When comparing data samples from different populations, two of the most popular measures of association are *covariance* and *correlation*. Covariance and correlation show that variables can have a positive relationship, a negative relationship, or no relationship at all.

A sample is a randomly chosen selection of elements from an underlying population.

Sample covariance measures the strength and the direction of the relationship between the elements of two samples, and the sample correlation is derived from the covariance. The sample covariance between two variables, *X* and *Y**,* is

Here's what each element in this equation means:

*s*= the sample covariance between variables_{XY}*X*and*Y*(the two subscripts indicate that this is the sample covariance, not the sample standard deviation).*n*= the number of elements in both samples.*i*= an*index*that assigns a number to each sample element, ranging from 1 to*n*.*X*= a single element in the sample for_{i}*X*.*Y*= a single element in the sample for_{i}*Y*.

The sample covariance may have any positive or negative value.

You calculate the *sample correlation* (also known as the sample *correlation coefficient*) between *X* and *Y* directly from the sample covariance with the following formula:

The key terms in this formula are

*r*= sample correlation between_{XY}*X*and*Y**s*= sample covariance between_{XY}*X*and*Y**s*= sample standard deviation of_{X}*X**s*= sample standard deviation of_{Y}*Y*

The formula used to compute the sample correlation coefficient ensures that its value ranges between –1 and 1.

For example, suppose you take a sample of stock returns from the Excelsior Corporation and the Adirondack Corporation from the years 2008 to 2012, as shown here:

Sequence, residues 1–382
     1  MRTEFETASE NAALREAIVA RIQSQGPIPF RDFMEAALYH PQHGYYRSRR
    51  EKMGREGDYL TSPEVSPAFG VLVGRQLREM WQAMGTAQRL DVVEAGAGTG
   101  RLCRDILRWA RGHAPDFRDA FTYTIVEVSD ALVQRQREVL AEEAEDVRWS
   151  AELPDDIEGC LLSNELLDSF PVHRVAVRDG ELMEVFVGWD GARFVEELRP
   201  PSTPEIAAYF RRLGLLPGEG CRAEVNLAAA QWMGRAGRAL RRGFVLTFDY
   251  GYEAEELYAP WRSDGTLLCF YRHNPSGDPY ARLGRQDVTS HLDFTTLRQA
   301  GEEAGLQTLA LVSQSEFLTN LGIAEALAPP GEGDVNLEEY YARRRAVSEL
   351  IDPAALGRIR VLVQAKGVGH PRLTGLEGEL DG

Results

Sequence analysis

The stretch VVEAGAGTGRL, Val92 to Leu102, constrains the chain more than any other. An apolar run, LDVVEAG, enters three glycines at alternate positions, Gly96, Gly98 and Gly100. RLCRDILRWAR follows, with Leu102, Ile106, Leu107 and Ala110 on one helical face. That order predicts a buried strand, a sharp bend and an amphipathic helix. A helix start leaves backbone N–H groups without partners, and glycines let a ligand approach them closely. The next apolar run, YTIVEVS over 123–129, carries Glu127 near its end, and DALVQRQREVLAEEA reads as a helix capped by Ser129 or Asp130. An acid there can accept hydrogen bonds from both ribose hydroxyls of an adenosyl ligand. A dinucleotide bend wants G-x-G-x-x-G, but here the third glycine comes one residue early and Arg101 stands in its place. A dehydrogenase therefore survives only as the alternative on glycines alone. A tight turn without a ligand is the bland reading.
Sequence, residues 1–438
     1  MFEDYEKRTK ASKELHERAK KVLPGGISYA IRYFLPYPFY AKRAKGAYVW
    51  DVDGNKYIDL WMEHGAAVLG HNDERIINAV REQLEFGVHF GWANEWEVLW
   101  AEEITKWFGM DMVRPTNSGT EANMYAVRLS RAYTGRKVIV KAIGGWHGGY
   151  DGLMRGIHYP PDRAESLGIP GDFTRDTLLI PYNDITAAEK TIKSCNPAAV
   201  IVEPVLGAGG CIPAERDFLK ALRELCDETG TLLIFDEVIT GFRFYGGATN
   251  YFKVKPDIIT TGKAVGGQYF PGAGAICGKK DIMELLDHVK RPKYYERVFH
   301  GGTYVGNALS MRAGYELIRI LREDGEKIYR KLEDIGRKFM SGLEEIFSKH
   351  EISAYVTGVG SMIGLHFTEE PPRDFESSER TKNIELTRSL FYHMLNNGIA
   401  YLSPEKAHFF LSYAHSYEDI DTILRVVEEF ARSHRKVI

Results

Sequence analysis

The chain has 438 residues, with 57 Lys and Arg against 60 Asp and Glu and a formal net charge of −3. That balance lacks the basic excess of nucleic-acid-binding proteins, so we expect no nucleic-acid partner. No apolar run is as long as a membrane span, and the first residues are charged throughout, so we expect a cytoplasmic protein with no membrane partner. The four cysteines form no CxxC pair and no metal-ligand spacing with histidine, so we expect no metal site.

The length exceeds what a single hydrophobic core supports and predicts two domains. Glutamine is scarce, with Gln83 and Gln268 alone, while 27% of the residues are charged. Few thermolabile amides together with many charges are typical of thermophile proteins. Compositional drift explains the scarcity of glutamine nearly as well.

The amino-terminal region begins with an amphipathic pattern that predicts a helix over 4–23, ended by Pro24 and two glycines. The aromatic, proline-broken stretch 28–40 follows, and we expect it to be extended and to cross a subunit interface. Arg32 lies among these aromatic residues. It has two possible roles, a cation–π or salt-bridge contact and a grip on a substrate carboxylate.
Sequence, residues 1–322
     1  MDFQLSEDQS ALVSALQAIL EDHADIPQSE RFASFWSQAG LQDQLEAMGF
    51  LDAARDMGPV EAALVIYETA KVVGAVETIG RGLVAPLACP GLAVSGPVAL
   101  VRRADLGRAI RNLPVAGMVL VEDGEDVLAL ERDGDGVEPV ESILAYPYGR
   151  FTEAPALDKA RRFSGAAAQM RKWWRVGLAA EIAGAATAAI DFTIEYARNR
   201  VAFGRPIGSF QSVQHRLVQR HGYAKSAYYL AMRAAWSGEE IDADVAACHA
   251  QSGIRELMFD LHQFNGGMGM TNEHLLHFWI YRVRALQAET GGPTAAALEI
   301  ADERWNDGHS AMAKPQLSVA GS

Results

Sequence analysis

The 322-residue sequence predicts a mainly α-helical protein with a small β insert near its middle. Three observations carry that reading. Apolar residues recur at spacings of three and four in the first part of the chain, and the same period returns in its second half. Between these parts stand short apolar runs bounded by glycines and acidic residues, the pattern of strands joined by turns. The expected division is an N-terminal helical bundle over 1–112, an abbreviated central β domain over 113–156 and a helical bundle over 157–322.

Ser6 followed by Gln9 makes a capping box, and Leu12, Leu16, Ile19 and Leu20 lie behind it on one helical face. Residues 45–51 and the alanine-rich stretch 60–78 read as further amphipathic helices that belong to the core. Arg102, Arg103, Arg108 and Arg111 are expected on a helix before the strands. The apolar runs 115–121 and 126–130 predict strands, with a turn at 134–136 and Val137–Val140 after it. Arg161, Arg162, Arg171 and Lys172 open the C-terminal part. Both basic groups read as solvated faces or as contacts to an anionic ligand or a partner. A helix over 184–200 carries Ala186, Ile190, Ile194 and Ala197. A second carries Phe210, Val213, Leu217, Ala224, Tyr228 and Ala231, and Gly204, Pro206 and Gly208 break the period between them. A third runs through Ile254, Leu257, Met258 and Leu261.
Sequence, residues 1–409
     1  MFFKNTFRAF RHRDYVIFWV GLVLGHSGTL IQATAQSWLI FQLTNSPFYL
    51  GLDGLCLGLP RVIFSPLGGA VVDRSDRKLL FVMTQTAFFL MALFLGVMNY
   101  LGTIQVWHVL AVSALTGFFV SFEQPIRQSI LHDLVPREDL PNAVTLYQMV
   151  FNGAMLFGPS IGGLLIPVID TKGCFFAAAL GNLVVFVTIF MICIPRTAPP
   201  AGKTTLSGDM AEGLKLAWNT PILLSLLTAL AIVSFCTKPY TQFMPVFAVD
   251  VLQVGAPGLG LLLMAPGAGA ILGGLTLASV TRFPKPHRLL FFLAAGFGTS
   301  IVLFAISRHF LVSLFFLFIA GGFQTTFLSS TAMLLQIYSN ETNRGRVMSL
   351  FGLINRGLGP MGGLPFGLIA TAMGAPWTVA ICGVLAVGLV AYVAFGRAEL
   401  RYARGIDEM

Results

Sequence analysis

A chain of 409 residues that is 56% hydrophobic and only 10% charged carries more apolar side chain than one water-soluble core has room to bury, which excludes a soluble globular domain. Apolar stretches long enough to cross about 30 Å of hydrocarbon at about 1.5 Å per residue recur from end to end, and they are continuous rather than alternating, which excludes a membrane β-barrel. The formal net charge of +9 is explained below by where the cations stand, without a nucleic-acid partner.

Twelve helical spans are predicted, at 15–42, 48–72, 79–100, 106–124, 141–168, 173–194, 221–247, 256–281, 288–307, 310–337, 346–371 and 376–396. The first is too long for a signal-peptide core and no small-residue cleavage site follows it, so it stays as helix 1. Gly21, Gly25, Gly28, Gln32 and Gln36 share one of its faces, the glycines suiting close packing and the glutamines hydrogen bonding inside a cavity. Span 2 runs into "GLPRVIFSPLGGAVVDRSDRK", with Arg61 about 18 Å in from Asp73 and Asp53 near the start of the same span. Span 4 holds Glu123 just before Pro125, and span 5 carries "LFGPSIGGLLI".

Year | Excelsior Corp. Annual Return (percent) (X) |
Adirondack Corp. Annual Return (percent) (Y) |
---|---|---|

2008 | 1 | 3 |

2009 | –2 | 2 |

2010 | 3 | 4 |

2011 | 0 | 6 |

2012 | 3 | 0 |

What are the covariance and correlation between the stock returns? To figure that out, you first have to find the mean of each sample. In this example, *X* represents the returns to Excelsior and *Y* represents the returns to Adirondack.

The sample mean of

*X*is

You obtain the sample mean by summing all the elements of the sample and then dividing by the sample size. In this case, the sample elements sum to 5 and the sample size is 5. Dividing these numbers gives a sample mean of 1.

The sample mean of

*Y*is

This table shows the remaining calculations for the sample covariance:

In the table, the

column represents the differences between each return to Excelsior in the sample and the sample mean; similarly, the

column represents the same calculations for Adirondack. The entries in the

column equal the product of the entries in the previous two columns. The sum of the

column gives the numerator in the sample covariance formula:

The denominator equals the sample size minus one, which is 5 – 1 = 4. (Both samples have five elements, *n* = 5.) Therefore, the sample covariance equals

To calculate the sample correlation coefficient, divide the sample covariance by the product of the sample standard deviation of *X* and the sample standard deviation of *Y*:

You find the sample standard deviation of *X* by computing the sample variance of *X* and then taking the square root of the result. The table shows the calculations for the sample variance of *X*.

In the table, the

column represents the differences between each return to Excelsior in the sample and the sample mean; the

column represents the *squared* difference between each return to Excelsior and the sample mean. The sum of the

column gives the numerator in the sample variance formula. You divide this number by the sample size minus one (5 – 1 = 4) to get the sample variance of *X*:

The sample standard deviation of *X* is the square root of 4.5, or

The table shows the calculations for the sample variance of *Y*.

Based on the calculations in the table, the sample variance of *Y* equals

The sample standard deviation of *Y* equals the square root of 5, or

Substituting these values into the sample correlation formula gives you

The negative result shows that there's a weak negative correlation between the stock returns of Excelsior and Adirondack. If two variables are *perfectly* negatively correlated (they *always* move in opposite directions), their correlation will be –1. If two variables are *independent* (unrelated to each other), their correlation will be 0. The correlation between the returns to Excelsior and Adirondack stock is a –0.2108, which indicates that the two variables show a slight tendency to move in opposite directions.